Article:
Southern winds

We’ve had several days now of persistent, on-shore wind. Here in Uruguay, off-shore points to Antarctica. Yeah, it’s been chilly. And I’m finally feeling righteous about finally having a proper winter jacket! (Purchased last November in Miami, when we were heading into summer here.) And so, for the first time in six years, we had a wonderfully mild winter, one that barely required a winter jacket.

I’m not implying causality, for the record. But, erm, uh … Uruguay, thank me if you will. It’s been pleasant, no? But this cold wind….

The Rambla (beachfront road) in Parque del Plata has always had a ridiculous stretch that half-fills with sand during the winter. Prior to tourist season, a front-end loader and dump truck appear, scoop up the offending dunes and deposit them upstream in the Solís Chico river, making a nice little beach for the locals. Which can then wash back down the river, into the sea, and — OK, let’s not go there.

This year, they have their work cut out for them, thanks to these cold southern winds.

OK, you can’t see it, but the sign says “Calle Cerrado,” which means … well, it’s not the name of the street.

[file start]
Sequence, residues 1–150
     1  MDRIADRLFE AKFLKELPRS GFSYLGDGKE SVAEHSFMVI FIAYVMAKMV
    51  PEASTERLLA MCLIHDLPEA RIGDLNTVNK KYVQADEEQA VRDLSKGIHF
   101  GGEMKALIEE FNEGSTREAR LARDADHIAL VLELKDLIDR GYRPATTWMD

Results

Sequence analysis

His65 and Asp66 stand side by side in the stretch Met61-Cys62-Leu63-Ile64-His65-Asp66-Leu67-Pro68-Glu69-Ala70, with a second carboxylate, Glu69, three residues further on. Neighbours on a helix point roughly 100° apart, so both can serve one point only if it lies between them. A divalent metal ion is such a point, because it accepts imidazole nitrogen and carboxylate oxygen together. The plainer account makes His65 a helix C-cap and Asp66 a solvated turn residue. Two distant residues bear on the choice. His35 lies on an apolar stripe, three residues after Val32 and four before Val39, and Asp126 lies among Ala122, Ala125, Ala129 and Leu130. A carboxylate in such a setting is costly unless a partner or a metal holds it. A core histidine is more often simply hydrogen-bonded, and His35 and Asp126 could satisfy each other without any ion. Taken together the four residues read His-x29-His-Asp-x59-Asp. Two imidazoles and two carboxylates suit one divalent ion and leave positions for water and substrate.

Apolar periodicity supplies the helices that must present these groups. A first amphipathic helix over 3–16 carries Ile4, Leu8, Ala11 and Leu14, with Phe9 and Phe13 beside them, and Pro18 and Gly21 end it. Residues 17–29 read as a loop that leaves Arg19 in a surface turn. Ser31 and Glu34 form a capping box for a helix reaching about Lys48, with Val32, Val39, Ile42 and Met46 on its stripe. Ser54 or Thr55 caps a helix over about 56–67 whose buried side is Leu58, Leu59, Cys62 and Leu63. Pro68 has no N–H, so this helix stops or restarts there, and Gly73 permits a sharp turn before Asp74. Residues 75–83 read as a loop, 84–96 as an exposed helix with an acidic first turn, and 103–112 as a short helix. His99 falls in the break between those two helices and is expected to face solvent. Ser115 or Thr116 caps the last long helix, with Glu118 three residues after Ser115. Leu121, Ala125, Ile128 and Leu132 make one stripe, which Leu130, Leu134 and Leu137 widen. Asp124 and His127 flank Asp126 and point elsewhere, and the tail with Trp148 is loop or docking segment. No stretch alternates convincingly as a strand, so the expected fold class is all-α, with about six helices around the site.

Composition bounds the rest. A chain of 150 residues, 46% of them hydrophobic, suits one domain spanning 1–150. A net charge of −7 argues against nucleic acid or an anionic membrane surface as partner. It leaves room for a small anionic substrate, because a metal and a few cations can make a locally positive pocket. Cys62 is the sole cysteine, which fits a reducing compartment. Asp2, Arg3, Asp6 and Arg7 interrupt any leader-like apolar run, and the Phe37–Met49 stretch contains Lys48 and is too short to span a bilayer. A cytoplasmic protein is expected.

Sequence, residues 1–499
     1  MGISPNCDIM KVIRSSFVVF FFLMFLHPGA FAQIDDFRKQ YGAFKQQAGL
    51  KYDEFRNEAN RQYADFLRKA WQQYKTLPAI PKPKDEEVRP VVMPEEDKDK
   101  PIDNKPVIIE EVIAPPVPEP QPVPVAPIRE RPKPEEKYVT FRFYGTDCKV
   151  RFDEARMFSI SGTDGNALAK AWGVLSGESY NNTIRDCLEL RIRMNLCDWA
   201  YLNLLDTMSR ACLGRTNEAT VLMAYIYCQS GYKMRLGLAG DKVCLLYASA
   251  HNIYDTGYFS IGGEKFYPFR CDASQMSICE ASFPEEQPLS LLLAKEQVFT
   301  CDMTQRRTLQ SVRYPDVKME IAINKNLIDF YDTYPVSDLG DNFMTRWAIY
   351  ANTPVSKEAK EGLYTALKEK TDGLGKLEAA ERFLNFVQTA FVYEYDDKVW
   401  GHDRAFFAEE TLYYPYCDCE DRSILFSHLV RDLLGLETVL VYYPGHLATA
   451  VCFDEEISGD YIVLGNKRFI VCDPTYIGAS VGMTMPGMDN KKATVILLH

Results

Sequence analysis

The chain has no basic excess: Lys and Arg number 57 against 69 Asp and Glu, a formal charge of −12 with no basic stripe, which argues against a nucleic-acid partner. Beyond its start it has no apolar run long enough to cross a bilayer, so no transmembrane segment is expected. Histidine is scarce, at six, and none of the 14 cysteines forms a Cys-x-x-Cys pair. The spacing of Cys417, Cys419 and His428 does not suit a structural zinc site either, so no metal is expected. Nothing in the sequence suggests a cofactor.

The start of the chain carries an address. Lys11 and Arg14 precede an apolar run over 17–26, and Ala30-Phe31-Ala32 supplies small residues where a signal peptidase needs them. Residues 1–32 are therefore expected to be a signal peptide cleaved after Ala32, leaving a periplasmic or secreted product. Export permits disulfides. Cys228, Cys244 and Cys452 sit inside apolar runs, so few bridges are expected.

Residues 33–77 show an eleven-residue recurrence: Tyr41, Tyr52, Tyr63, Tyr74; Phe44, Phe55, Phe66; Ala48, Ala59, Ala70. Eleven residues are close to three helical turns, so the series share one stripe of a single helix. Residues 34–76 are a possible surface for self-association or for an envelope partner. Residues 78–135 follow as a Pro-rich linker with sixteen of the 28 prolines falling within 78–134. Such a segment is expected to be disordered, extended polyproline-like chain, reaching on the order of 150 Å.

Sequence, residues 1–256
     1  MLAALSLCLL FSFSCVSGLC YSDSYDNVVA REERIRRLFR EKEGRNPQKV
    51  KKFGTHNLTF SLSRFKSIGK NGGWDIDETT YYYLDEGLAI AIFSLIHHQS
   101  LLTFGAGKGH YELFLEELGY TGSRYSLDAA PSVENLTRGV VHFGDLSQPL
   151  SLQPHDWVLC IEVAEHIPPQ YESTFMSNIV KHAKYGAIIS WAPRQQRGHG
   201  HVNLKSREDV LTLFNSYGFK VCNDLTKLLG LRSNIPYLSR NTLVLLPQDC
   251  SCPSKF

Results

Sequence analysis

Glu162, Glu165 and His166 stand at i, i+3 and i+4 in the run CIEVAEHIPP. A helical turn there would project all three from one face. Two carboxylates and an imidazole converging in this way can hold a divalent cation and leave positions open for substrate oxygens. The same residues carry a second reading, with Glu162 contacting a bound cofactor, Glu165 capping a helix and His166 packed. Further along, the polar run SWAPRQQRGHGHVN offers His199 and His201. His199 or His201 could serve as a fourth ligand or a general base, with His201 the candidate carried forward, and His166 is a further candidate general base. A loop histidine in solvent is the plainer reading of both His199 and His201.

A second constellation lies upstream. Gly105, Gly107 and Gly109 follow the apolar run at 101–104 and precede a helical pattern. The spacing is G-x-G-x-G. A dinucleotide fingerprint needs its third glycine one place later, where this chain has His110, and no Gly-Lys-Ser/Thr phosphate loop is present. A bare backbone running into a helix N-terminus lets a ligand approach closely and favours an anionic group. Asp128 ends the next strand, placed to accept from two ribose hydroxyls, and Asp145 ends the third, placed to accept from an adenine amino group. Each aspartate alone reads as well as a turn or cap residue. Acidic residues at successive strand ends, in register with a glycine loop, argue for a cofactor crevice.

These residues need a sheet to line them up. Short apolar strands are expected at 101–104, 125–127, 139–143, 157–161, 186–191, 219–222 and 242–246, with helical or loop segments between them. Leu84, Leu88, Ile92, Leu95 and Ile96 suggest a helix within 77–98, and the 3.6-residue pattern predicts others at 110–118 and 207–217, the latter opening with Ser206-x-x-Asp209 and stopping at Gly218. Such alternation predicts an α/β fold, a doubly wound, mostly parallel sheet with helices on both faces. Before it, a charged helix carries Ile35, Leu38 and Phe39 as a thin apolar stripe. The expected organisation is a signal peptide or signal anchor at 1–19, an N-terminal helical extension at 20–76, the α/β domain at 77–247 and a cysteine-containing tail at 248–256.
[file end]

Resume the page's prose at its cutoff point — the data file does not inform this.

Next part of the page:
Meanwhile, the dune — above the boardwalk built to prevent further erosion of dunes — has gotten high enough that today I walked through the neighboring gap instead. Sort of like the gap where they built the boardwalk. But, hey.

Today I approached through the gap to the right, rather than expend the effort to surmount the dune formed above the gap the boardwalk was built to “solve.”

Except for a 6-month amazing stint in Lincoln City, Oregon (1986-7), I have never lived near a beach, until the last six years, and the constant changes fascinate me.

Unlike my father, I’m not an engineer. Nor as smart. But I don’t think I’m thus unqualified to ask, what exactly are we not “getting” here?

OK, forget it: nature is amazing.






Leave a Reply

Your email address will not be published. Required fields are marked *